Our briefing last night included a wet weather warning and a detailed explanation that, as well as dealing with a copious amount of water, we would be undertaking three stiff climbs on the West Highland Way. Fortunately, a couple of us had made use of the Glencoe Hotel’s pool, sauna and jacuzzi, a welcome relief after 7 days on the move. And at this point it is worth making a special mention to the staff at the hotel, especially Roman, who were very helpful and made our stay very comfortable.
After a good breakfast we jumped in the van to drive to our start point at the Kings House hotel which, when we arrived, we found was being completely rebuilt. Given the state of the weather (chucking it down) we drove back up to the main road and were instead dropped at the Glencoe Mountain Resort, a mile up the planned route. It was a little embarrassing to start our walk alongside a couple of hundred people who had arrived to run a race of 32 miles on the trail.
The first couple of hours of our walk were spent with our hoods up and heads down nodding at super fit runners with amazing ankles. Quite humbling. It also quickly became apparent that this was a busy trail with plenty of people hiking in the other direction which made the constant rain bearable as we shared many a cheery “Hello” and “Lovely day for it” with people from all over the world.Quite amazing how far people had come to walk this lovely path.
We eventually made it to our halfway point, the Bridge of Orchy. On the way down to the river the sun had come out and we had met a charming English gentleman, a fan of Bill Bryson, called Richard, walking in the opposite direction in shorts! After a short conversation we found the river and the author had the wonderful experience of meeting two miniature dachshunds who cheered him up immensely! Unfortunately, as we sat down for lunch at a picnic bench, and just as we had all opened our backpacks and taken out our packed lunch, the heavens decided to dump a right royal load of water on us. Queue rapid evacuation and lunch eaten under the eaves of a local hotel. So much for a rest.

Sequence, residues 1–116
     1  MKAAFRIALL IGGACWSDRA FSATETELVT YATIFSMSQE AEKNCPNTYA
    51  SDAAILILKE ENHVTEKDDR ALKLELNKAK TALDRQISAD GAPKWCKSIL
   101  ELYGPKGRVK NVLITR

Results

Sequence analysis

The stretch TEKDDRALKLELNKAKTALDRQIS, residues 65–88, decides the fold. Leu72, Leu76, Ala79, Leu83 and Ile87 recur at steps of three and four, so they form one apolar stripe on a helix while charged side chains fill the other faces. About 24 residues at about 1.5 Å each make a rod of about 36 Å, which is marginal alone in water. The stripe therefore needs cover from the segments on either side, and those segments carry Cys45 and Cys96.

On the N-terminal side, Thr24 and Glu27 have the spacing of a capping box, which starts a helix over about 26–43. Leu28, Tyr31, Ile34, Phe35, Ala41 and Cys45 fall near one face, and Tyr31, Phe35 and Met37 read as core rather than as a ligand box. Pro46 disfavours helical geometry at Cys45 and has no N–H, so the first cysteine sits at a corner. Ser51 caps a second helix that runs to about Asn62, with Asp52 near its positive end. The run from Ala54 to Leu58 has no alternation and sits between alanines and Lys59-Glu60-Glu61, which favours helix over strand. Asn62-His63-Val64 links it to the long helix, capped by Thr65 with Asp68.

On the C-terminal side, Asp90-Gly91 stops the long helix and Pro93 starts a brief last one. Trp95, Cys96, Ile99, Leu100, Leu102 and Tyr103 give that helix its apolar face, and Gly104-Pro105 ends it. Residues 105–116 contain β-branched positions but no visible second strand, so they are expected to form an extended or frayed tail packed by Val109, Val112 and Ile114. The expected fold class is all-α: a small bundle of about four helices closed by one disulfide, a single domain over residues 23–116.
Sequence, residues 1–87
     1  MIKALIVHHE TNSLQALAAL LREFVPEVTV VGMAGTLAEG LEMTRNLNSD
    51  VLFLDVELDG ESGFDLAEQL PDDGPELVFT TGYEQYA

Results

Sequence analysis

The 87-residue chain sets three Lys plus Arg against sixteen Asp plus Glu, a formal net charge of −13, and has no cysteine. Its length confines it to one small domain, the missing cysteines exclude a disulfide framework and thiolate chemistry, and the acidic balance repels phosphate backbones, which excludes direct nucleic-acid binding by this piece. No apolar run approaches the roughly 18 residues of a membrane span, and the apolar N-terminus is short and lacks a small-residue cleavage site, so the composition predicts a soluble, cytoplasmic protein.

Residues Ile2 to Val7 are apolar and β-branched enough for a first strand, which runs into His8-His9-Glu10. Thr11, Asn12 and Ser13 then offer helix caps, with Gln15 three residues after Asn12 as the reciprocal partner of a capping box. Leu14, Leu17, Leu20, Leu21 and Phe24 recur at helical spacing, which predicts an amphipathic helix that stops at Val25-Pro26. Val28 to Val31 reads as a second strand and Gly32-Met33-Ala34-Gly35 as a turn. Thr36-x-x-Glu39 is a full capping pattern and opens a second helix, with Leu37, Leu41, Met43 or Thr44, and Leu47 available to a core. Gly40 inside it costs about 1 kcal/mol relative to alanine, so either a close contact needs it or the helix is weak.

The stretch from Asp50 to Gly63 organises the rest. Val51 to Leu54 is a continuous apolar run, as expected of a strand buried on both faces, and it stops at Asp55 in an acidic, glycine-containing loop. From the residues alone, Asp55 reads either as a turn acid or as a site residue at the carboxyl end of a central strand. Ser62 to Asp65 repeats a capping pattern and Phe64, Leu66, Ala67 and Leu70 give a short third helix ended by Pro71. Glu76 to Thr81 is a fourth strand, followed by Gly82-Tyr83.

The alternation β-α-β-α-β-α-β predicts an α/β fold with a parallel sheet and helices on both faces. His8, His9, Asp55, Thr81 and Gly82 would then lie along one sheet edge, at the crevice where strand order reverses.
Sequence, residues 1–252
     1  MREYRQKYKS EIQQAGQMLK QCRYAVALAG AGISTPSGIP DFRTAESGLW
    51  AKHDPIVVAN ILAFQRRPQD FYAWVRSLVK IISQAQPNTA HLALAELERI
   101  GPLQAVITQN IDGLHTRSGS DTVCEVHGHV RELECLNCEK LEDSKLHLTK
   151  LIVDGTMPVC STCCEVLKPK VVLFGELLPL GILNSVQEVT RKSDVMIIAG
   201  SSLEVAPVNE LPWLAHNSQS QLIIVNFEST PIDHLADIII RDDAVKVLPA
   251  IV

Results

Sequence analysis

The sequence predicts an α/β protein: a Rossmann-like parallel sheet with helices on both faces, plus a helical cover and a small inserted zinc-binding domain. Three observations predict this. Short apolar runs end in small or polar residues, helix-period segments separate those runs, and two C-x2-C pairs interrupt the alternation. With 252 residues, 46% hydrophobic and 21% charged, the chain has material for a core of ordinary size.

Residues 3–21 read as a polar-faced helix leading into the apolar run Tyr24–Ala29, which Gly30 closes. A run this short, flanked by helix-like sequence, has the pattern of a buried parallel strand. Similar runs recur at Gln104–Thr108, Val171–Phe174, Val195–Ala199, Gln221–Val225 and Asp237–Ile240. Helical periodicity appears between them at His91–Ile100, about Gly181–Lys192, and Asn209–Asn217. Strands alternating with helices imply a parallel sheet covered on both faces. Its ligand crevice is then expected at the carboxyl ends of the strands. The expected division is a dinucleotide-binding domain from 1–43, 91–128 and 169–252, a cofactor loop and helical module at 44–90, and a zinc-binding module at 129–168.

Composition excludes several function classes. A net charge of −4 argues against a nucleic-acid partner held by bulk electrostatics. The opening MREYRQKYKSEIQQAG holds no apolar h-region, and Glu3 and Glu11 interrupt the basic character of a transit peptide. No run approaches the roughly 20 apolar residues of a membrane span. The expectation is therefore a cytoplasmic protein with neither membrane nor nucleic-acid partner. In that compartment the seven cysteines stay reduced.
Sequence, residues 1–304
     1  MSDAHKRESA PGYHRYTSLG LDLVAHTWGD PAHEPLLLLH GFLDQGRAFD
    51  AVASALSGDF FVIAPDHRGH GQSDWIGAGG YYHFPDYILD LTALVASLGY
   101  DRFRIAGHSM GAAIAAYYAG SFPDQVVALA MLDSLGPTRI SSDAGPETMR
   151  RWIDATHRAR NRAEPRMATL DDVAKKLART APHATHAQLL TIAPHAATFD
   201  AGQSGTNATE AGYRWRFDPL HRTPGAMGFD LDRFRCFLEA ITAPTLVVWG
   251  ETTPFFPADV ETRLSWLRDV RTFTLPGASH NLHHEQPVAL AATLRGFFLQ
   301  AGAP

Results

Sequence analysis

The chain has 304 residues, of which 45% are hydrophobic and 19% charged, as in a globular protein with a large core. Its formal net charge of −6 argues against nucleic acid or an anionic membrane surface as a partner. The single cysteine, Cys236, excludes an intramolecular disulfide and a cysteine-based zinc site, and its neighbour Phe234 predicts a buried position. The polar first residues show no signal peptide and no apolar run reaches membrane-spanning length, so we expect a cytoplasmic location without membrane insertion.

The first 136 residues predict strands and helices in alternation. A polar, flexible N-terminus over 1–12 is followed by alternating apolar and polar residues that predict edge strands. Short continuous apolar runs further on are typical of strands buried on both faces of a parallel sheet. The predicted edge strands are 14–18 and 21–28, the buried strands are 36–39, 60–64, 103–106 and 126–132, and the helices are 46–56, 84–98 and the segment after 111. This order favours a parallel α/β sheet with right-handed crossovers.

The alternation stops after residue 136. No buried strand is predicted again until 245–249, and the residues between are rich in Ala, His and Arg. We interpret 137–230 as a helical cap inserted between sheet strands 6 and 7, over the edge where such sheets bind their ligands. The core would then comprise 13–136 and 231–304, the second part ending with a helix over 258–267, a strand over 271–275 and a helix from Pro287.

We set off after lunch in the rain and under the railway line. This line is the mainline between London and Fort William for the overnight sleeper train and it was great to watch the southbound train pull in and out of the station as we started our afternoon walk. The West Highland Way cuts through striking hills (the English would call these mountains) and was originally built as a drovers’ path and for a long time was the main highway north. The path now switches from a well-made compacted gravel path, to tarmac to a loose collection of stones and rocks. In the wet weather the path doubles as a waterway so we spent most of our day walking in a stream!
Mid-afternoon, as we started our last climb the clouds parted and we found ourselves walking in wonderful sunshine, along a valley tracking the railway line. The water was running off the side of the hills and soaking our feet but we did not care.
As we arrived at our hotel in Tyndrum at the end of our day’s walking it occurred to me how wonderfully organised this walk has been and now is a good time to mention the Architect of the walk. Eric Scoones was asked by Jeff in late 2016 if he could help us create the route for Walk the Bryson Line. Eric did not hesitate to say yes and threw himself into the task. It was Eric who suggested we walk 569 miles (the straight-line distance) rather than try and plot a continuous route from Cape Wrath to Bognor Regis. This was a great idea and it made this mad walk possible. Thank you Eric!
If you have given – thank you so much! If you haven’t you can do so by clicking this link.
See you down the line.
Miles today: 18.3
Total miles: 156
Walker miles today: 74
Total Walker miles: 1179